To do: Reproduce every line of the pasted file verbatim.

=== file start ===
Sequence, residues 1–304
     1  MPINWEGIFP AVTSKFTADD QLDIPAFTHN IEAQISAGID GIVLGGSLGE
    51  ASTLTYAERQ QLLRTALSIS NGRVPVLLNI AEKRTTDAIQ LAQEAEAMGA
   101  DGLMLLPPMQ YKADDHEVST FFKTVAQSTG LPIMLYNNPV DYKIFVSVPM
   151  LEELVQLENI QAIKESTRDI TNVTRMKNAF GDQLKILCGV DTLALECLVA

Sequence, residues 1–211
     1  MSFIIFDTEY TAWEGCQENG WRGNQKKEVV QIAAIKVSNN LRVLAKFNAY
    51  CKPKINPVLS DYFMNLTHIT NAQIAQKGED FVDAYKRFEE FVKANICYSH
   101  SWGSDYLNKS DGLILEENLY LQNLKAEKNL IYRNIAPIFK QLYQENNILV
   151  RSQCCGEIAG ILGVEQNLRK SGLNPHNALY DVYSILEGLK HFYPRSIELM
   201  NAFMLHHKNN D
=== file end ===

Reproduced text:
Sequence, residues 1–304
     1  MPINWEGIFP AVTSKFTADD QLDIPAFTHN IEAQISAGID GIVLGGSLGE
    51  ASTLTYAERQ QLLRTALSIS NGRVPVLLNI AEKRTTDAIQ LAQEAEAMGA
   101  DGLMLLPPMQ YKADDHEVST FFKTVAQSTG LPIMLYNNPV DYKIFVSVPM
   151  LEELVQLENI QAIKESTRDI TNVTRMKNAF GDQLKILCGV DTLALECLVA

Sequence, residues 1–211
     1  MSFIIFDTEY TAWEGCQENG WRGNQKKEVV QIAAIKVSNN LRVLAKFNAY
    51  CKPKINPVLS DYFMNLTHIT NAQIAQKGED FVDAYKRFEE FVKANICYSH
   101  SWGSDYLNKS DGLILEENLY LQNLKAEKNL IYRNIAPIFK QLYQENNILV
   151  RSQCCGEIAG ILGVEQNLRK SGLNPHNALY DVYSILEGLK HFYPRSIELM
   201  NAFMLHHKNN D